Federal Judge Strikes Down Controversial California Handgun Roster Law on 2nd Amendment Grounds

On Monday, March 20, District Judge Cormac Carney in Santa Anna, California struck down the state’s Handgun Roster gun control law finding it violated the right to keep and bear arms under the Second Amendment of the U.S. Constitution.

This is the latest blow to gun control advocates striking down state gun laws following a U.S. Supreme Court ruling in 2022 expanding gun rights. The repeal will take effect fourteen days following the ruling.

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AP Photo/Rich Pedroncelli

California’s Unsafe Handgun Act required all new semiautomatic handguns sold to Californians to have unique safety features not required in other states effectively freezing the technology available and preventing handgun[sic] modern safer handguns designs from being available to Californians.  The law was later amended to include a requirement for microstamping ammunition, which has never been implemented.

The State has consciously viewed the deliberate winnowing of handguns approved for sale to Californians as a policy outcome objective of Sacramento. But in 15 days, the entire inventory of decades of handgun technology improvements will become available to California gun buyers.

Overnight, handguns only available to law enforcement will again be legal for ordinary citizens to buy and own. Advances in size, reliability, ergonomics, and safety will be on the shelves. An era will end of US manufacturers having to invest in what were called “CA models”, which tried to adapt to California’s requirements, often resulting in significant performance degrades compared to the same handgun available in the other forty-nine states.

The law was challenged in 2018 but was rejected by the San Francisco-based 9th U.S. Circuit Court of Appeals. A new lawsuit was filed in 2022 after the U.S. Supreme Court ruled in June that gun control laws must be consistent with the nation’s “historical tradition” of gun control regulation. Judge Carney specifically pointed out in the ruling that the state had failed to point to any historical parallel for the Unsafe Handgun Act and that Californians “should not be forced to settle for decade-old models of handguns.”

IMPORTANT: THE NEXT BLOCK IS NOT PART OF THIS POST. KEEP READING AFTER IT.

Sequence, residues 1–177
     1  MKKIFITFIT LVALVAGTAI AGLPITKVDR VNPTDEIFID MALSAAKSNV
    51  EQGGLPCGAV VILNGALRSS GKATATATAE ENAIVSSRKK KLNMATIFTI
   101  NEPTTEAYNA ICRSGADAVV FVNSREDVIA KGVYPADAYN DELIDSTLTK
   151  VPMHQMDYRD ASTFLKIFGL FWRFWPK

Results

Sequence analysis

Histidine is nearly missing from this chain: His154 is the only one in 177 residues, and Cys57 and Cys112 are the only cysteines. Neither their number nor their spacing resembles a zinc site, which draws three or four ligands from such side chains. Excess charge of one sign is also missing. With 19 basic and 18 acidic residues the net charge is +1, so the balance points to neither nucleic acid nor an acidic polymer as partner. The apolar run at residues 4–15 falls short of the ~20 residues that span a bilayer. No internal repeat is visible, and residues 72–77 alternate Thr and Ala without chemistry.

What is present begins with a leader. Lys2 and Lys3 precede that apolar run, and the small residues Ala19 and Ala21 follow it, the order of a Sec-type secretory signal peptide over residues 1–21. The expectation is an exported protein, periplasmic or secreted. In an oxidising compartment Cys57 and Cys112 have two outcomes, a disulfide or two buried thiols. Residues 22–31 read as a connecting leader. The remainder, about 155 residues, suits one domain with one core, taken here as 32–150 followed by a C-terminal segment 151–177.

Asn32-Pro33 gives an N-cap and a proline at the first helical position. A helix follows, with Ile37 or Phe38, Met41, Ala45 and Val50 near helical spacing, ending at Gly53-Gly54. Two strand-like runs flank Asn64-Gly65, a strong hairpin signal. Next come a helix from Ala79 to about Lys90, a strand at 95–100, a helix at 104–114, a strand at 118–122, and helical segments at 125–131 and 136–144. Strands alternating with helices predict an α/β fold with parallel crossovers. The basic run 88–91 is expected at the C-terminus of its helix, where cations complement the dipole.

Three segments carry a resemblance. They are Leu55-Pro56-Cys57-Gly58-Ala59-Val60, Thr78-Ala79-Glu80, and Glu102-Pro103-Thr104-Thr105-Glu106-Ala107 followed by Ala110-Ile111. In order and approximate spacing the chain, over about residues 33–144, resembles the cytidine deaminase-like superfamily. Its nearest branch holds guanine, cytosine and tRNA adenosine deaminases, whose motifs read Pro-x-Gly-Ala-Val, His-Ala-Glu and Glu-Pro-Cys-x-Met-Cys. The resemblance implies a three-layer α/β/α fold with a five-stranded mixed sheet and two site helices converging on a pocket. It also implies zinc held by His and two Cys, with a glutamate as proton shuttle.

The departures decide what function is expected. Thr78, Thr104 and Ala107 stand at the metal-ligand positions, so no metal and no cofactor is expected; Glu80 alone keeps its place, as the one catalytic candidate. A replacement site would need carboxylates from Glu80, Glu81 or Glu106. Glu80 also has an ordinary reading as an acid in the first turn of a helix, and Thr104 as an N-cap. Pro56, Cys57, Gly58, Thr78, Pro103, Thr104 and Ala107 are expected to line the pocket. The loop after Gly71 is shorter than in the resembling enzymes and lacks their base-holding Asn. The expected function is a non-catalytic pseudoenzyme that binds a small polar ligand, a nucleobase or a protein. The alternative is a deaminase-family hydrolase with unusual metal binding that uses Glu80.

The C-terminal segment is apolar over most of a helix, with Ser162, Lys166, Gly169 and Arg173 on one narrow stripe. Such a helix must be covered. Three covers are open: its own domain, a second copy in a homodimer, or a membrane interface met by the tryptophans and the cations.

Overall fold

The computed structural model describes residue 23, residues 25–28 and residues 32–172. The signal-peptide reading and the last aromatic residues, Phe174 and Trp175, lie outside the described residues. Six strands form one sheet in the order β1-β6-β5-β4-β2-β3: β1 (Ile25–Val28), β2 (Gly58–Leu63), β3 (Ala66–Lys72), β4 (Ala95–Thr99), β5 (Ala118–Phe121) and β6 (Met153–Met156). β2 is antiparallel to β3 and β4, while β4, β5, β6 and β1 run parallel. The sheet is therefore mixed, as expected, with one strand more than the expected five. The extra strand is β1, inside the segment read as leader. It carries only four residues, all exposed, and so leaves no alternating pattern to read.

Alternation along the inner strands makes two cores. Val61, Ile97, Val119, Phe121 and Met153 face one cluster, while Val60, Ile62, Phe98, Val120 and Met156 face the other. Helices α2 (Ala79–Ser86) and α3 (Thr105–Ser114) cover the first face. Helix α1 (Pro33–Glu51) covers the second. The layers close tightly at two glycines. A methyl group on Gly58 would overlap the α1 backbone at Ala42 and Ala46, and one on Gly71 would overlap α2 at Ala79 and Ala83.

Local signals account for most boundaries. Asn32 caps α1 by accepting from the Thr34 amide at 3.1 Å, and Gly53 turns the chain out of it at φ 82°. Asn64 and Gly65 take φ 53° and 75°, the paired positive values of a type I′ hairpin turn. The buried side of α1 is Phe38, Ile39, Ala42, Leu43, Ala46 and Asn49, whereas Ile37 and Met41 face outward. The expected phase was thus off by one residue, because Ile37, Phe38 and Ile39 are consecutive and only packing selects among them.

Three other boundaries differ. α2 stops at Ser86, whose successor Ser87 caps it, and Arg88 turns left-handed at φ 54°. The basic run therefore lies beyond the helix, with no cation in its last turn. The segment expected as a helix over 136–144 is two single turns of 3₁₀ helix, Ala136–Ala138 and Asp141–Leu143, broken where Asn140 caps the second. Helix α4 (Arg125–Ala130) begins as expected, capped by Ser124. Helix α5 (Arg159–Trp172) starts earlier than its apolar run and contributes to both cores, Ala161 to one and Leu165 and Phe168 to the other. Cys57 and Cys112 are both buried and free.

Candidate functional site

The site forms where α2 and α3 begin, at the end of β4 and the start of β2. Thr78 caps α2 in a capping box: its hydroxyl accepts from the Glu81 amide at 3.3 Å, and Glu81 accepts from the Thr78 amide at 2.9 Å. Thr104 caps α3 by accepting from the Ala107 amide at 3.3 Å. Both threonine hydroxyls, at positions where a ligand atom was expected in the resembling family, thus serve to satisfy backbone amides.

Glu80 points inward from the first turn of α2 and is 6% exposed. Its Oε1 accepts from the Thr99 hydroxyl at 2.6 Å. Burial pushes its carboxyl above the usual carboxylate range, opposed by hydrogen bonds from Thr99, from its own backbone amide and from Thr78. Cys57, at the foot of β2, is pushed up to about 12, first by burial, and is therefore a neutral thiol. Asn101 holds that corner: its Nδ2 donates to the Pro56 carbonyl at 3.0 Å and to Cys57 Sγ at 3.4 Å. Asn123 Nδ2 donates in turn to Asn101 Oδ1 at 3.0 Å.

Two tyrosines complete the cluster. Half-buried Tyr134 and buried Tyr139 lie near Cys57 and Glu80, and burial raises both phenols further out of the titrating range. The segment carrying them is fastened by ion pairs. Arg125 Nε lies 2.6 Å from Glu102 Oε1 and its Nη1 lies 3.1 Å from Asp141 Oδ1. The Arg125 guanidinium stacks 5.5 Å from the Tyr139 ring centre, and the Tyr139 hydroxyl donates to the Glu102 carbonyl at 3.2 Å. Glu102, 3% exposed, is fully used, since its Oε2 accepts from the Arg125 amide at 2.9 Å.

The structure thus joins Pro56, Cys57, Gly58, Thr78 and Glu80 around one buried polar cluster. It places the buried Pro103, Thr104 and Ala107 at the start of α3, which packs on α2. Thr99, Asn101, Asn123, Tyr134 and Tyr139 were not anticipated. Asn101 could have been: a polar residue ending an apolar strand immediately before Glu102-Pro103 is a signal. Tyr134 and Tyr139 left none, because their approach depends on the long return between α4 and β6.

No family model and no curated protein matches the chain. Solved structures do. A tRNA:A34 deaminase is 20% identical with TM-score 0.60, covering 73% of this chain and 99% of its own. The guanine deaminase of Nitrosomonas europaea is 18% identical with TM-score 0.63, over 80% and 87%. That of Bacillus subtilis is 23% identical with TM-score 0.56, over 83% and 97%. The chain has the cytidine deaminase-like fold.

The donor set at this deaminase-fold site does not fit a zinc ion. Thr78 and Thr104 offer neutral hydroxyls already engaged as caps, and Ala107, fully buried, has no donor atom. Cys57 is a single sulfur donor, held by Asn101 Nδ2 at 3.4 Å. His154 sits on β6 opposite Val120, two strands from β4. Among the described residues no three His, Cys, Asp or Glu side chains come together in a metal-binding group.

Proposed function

The court ruling bolsters the legal view that other gun control laws across the nation are likely to face similar “historical” test scrutiny.  Arguments by states seeking to defend their historical right to pass gun control laws since the Supreme Court decision have sometimes grasped at hyperbole calling on examples of American prejudice and oppression as the basis for “historical” proof of the rights of the state as senior to that of the citizenry, which 2A proponents have argued violates the principles of both the U.S. Constitution and the Declaration of Independence.

Such lines of argument have not sat well with the courts as they apply the Equal Protection of the 14th Amendment to these 2nd Amendment cases.  There are additional 2nd Amendment cases pending in California and in other states such as New York.  The ruling in California could be a harbinger of other decisions that will continue to emerge as 2023 progresses.

Late in the day, California State Attorney General Rob Bonta’s office issued the following statement,

“The fact of the matter is, California’s gun safety laws save lives, and California’s Unsafe Handgun Act is no exception,” said Attorney General Bonta. “We will continue to lead efforts to advance and defend California’s gun safety laws. As we move forward to determine next steps in this case, Californians should know that this injunction has not gone into effect and that California’s important gun safety requirements related to the Unsafe Handgun Act remain in effect.”

Today’s decision is stayed for 14 days to allow the State to file an appeal and seek a further stay from the court of appeals, and the chamber load indicator, magazine disconnect, and microstamping requirements for new semiautomatic pistols remain in effect until at least that time. The district court’s decision also does not disturb the State’s requirement that to be available for retail sale, a semiautomatic pistol must appear on the Roster of Certified Handguns after passing other safety requirements, such as drop safety and firing tests conducted by a certified independent laboratory.

This would indicate that California has not decided if it will appeal the decision; indeed, the State may be trial ballooning the option to accept the ruling once the 14-day stay is lifted. California may choose to let the decision stand and instruct the Department of Justice to allow testing laboratories to begin certifying more handguns into the Roster of Certified Handguns.

This would mean that ordinary gun owners will be able to purchase many more new types of firearms. It would also mean that a legislative chapter that began in 1999 may finally be reaching closure.

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